New publication about the long-term development op depressive symptoms after deployment

PhD student Xandra Plas, along with colleagues, has published a new paper on the long-term development of depressive symptoms among military personnel. 

Research aims

Military missions can lead to mental health problems, including depressive symptoms. It is important to understand how these symptoms develop after deployment to prevent them or better accommodate these symptoms in mental health care policies. The aim of this research was to gain insight into the development of depressive symptoms up to 10 years after deployment in the Dutch military. Additionally, factors associated with these symptoms were investigated, including age, gender, any traumatic experiences at a young age, symptoms of PTSD, and the level of stress during the mission.

Results of the study

Based on data from the PRISMO cohort (approximately 1000 military men and women), four different trajectories were identified for the development of depressive symptoms: resilient (65%), intermediate-stable (20%), symptomatic-chronic (9%), and late-onset-increasing (6%). The majority of the individuals in this study fell within the resilient trajectory, suggesting that deployed military personnel demonstrate high levels of resilience.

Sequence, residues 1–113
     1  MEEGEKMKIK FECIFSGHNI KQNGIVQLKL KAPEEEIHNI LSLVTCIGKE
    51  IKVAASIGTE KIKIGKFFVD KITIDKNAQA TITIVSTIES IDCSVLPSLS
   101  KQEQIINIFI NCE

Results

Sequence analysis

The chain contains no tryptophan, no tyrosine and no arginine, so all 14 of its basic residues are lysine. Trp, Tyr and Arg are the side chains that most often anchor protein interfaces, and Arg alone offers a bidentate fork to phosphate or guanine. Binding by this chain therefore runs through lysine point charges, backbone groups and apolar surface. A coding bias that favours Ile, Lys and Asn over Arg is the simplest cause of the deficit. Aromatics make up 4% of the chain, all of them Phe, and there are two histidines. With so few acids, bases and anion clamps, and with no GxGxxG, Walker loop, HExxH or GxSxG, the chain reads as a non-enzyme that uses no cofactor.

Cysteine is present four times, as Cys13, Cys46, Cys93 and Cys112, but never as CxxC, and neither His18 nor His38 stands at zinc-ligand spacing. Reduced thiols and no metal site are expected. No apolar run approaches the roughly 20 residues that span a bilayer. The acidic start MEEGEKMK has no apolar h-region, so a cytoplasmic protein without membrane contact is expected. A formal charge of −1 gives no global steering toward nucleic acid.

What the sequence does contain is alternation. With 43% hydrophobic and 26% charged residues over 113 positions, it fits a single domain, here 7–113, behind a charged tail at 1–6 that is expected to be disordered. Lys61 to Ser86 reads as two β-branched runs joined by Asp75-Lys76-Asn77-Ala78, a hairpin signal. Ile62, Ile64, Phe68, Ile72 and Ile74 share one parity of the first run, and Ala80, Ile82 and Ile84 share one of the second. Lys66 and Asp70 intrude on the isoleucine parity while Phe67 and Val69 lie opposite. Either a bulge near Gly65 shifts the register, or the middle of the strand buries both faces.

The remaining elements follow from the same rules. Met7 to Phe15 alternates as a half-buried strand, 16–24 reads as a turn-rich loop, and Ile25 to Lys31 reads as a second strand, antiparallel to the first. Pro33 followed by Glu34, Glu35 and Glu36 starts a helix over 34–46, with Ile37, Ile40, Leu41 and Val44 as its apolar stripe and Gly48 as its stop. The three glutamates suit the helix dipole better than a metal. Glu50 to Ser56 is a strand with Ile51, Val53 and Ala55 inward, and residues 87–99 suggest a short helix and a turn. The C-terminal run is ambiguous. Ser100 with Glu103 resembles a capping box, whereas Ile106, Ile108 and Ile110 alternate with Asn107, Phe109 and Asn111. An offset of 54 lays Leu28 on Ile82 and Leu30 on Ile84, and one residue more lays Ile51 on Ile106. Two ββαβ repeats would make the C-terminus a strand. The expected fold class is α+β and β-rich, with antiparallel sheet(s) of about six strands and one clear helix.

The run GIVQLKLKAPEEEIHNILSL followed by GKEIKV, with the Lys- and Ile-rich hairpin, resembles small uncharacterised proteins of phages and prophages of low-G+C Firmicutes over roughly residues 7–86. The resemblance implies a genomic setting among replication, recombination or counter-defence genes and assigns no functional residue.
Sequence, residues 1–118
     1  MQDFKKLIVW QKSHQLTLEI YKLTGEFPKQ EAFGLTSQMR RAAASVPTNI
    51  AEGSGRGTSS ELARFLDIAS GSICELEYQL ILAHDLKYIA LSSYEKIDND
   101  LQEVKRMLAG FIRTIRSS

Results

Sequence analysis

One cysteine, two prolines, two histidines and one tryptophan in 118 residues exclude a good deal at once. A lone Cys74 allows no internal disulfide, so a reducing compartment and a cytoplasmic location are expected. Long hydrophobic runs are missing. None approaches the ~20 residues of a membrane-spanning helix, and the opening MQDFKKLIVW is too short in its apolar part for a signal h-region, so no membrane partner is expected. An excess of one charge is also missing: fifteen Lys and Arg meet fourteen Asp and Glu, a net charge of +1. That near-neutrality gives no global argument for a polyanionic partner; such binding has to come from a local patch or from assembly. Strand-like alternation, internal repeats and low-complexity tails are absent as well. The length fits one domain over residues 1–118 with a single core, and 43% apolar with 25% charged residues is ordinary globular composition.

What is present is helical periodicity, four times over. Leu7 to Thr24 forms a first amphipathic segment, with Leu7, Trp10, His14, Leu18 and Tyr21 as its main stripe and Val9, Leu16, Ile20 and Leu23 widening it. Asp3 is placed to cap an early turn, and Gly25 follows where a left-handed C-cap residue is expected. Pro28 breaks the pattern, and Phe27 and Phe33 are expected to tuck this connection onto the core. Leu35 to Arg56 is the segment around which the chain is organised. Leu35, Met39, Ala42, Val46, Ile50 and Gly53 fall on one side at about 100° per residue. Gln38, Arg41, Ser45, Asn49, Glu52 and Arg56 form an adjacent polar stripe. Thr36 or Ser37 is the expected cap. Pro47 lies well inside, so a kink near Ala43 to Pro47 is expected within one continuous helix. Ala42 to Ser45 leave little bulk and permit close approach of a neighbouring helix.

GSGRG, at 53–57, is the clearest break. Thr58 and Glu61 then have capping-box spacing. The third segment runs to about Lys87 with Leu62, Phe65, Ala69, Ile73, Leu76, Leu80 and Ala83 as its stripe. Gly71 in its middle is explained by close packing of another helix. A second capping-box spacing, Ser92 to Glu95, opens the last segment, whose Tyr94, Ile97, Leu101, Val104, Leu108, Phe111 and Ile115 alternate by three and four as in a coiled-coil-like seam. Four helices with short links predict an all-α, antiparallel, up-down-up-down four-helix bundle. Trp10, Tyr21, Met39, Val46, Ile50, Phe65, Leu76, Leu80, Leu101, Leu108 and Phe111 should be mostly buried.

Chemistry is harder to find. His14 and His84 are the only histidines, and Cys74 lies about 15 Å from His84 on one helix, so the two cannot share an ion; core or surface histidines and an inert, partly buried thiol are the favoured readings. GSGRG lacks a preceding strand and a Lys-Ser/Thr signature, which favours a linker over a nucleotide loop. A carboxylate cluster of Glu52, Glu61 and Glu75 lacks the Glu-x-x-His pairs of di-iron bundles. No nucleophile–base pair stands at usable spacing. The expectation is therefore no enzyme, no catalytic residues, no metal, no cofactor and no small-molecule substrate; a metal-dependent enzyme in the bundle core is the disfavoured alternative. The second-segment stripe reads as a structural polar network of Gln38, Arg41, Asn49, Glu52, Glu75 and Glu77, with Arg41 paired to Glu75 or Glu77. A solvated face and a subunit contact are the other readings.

The trajectories of depression are associated with various factors. Military personnel in the symptomatic-chronic trajectory reported the highest number of traumatic experiences at a young age, while those in the resilient trajectory less frequently experienced stressful events during deployment. Finally, military personnel in trajectories with more depressive symptoms also exhibited more PTSD symptoms.

De grafiek toont de vier trajecten van depressie.
Image: ©Journal of Affective Disorders
Predicted depression trajectories and individual depression scores over several time points. Abbreviations: SCL-90, Short Checklist-90; m, month; y, year.


The research demonstrates that depressive symptoms can develop in various ways after deployment and often remain stable over time. It is important to closely monitor individuals within an increasing trajectory, even after they have completed their military service and transitioned to civilian life. Additionally, the symptomatic-chronic trajectory, characterized by high and persistent depressive symptoms, underscores the importance of continuously providing mental health support.